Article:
Philadelphia Local Flavors

With a broad-range of cultures in this metropolitan city, you can find foods from almost every country imaginable. And with hundreds of restaurants throughout the City, you’re sure to find something to whet your appetite. But, if you’re looking for something truly authentic, nothing says Philadelphia quite like these local favorites:

  • Cheesesteaks: Fresh, soft and squishy Italian rolls, typically 12 inches long, filled with melted cheese and tender pieces of beef are the main components of this truly Philadelphia sandwich. Most establishments offer a choice of Cheez Whiz (or “whiz” if you want to sound like a local), American or Provolone cheese and the option of adding fried or raw onions to the steak. Depending on where you go, the beef is served in slices or chopped up, but almost every place in Philadelphia cooks the beef on top of a griddle with a little bit of oil.
    Eat it Like a Local Tip: Stand back! The juices of these succulent sandwiches tend to run out the back of the roll, so watch out while you’re eating because you could end up wearing it! Many locals have adopted a particular way of eating a cheesesteak. To do it like them, stand and lean over your sandwich as you eat.
  • Roast Pork Sandwiches: These juicy classics, made with a soft roll, sliced roast pork, sharp provolone, broccoli rabe, roasted peppers and long hots, are a true crowd-pleaser. The most famous version, available from Dinic’s in the Reading Terminal Market, was once dubbed the “Best Sandwich in America.”
  • Crab Fries: Combining hot and spicy with one of America’s favorite dishes Crab Fries are a real treat. Available at multiple restaurants and venues across the city, Chickie’s and Pete’s take on the dish is a Philadelphia favorite.
  • Hoagies: The “Official Sandwich of Philadelphia,” hoagies are a regional concoction and overwhelming favorite. These mouth-watering sandwiches are more than a mouthful, packed with lettuce, tomato, onions, peppers, oregano, oil dressing, cheese (Provolone or American, usually) and of course, delicious Italian lunch meats like dry salami, mortadella and capicolla – hence the nickname, “Italian Hoagie.”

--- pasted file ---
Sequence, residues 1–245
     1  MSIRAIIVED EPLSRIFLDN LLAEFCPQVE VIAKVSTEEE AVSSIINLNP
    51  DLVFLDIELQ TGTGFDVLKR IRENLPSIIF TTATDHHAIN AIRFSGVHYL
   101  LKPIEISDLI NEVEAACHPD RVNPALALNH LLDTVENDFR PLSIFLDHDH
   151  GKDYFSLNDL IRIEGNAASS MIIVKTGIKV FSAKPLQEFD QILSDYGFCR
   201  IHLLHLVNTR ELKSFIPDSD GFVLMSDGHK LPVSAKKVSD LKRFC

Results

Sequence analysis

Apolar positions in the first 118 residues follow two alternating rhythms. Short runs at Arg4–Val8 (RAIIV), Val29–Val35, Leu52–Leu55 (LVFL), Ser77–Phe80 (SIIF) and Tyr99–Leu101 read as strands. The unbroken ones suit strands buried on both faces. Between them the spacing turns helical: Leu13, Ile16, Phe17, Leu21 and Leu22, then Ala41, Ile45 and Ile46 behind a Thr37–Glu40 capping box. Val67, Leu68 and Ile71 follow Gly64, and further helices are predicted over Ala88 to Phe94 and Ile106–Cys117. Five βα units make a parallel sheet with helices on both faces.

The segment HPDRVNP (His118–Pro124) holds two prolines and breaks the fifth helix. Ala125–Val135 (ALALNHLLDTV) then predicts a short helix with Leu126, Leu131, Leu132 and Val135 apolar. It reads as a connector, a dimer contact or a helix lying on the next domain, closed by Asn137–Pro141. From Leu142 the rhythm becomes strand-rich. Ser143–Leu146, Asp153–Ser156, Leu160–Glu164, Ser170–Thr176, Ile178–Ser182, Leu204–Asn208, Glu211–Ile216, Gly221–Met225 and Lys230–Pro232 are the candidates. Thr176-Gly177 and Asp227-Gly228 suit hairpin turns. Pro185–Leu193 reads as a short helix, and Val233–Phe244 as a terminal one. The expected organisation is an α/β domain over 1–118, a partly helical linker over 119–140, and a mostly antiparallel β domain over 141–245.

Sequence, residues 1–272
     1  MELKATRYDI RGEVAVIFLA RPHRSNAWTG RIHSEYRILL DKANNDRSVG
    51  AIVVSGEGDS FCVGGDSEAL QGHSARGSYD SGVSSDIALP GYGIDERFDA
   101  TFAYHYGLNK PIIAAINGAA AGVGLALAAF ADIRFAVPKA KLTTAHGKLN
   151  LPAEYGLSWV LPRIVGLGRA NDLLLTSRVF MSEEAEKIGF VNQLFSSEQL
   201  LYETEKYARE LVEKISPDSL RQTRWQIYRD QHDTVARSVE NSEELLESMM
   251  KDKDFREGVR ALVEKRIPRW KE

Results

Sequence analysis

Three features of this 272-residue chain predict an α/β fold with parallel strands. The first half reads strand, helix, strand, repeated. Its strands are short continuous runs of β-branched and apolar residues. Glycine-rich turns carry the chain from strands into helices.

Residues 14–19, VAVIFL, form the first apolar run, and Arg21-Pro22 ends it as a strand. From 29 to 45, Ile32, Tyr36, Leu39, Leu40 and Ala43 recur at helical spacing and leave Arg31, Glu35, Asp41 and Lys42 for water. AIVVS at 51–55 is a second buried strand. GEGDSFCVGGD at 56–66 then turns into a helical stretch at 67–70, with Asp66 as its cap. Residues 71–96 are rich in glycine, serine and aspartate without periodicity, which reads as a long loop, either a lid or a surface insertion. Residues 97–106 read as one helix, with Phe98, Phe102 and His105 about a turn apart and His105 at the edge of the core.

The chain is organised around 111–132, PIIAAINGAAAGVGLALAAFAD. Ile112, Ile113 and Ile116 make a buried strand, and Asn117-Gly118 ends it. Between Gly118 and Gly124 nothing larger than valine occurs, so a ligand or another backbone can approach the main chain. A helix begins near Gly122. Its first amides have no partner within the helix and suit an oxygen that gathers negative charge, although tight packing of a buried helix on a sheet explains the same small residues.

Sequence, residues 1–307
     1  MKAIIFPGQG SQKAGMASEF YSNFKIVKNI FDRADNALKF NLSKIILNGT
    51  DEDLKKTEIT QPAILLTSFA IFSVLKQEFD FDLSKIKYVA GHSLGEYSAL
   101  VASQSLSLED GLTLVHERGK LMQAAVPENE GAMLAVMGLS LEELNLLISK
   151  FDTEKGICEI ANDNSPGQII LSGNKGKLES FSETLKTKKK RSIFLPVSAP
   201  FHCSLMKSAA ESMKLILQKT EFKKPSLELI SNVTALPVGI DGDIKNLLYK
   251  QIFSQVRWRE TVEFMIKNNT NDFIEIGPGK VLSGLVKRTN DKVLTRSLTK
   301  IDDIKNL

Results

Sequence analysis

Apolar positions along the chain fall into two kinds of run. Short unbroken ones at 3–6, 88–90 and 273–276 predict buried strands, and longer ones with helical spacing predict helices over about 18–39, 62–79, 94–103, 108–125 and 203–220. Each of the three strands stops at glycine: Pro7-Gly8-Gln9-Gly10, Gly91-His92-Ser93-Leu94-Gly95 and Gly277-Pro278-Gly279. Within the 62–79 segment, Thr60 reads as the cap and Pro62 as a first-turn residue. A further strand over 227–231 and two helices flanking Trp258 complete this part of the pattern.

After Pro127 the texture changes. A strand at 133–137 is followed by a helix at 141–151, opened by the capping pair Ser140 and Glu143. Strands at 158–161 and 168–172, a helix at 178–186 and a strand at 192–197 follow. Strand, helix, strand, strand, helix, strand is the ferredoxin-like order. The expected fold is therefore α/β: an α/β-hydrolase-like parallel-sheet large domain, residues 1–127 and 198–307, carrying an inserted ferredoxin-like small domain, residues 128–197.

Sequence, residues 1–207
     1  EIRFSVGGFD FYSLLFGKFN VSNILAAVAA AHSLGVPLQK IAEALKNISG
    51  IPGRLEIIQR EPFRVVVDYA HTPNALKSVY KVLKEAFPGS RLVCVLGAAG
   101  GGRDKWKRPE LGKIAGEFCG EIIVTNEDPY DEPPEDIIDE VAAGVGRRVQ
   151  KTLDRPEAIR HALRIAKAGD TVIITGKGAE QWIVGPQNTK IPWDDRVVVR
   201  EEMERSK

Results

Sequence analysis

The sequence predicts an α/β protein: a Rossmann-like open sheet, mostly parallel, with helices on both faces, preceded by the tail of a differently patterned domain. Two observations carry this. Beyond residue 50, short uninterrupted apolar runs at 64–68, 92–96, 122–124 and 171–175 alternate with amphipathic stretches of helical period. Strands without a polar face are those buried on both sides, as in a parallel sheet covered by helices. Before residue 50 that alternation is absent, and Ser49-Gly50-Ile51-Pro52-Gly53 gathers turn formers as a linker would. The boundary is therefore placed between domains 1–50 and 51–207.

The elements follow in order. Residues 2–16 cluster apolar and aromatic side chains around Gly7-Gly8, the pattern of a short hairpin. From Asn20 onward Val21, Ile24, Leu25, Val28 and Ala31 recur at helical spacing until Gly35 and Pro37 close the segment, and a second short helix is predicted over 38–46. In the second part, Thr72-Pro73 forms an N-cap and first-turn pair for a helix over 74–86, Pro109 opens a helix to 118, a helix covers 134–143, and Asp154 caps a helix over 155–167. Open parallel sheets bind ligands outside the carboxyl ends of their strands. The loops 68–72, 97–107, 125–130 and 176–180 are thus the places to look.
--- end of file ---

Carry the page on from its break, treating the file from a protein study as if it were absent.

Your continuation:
Eat it Like a Local Tip: Ask any Philadelphian what the X-factor ingredient is in making a great hoagie and the answer is universal – the bread. Make sure you find an establishment where the bread is fresh and warm!
  • Irish Potatoes: Tiny balls of coconut cream rolled in cinnamon are the farthest thing that comes to mind when hearing the name of this dish for the first time. Though they’re not an Irish dish (or a potato) this dessert is usually available around St. Patrick’s Day.
  • Pepper Pot Soup: A delicious brew of tripe and vegetables that has a history dating back to the Revolutionary War, this stew was served to soldiers as a warm heartening meal. Today, a hearty version can be enjoyed at the City Tavern.
  • Scrapple: Hailed as the first pork food invented in America, this local invention is a fried treat at any meal. A mishmash of pork, cornmeal, flour, onions, herbs, spices and other seasonings, scrapple is packed into a loaf before being fried to perfection for your taste buds.
  • Soft Pretzels: These soft and chewy, hand-twisted baked goods are the ultimate comfort food for Philadelphians. Baked fresh everyday and available at street vendors, local stores, or directly from the factory, these salty satisfiers are delicious with a little spicy mustard.
    Eat it Like a Local Tip: Enjoy ’em while you got ’em. While pretzels are still good a day or so later – even as they dry out – the best time to eat them is when they’re fresh!
  • Water Ice: Nothing says summer in Philadelphia better than water ice (also known as Italian ice). This cool and refreshing frozen treat is a smooth mixture of ice, fruit juice and fresh fruit. It’s available at street vendors and establishments throughout the City and comes in traditional flavors such as cherry and lemon, as well as more exotic flavors like chocolate, mango, passion fruit and coconut.
    Eat it Like a Local Tip: It may sound funny — but locals pronounce this treat “wooder ice.”

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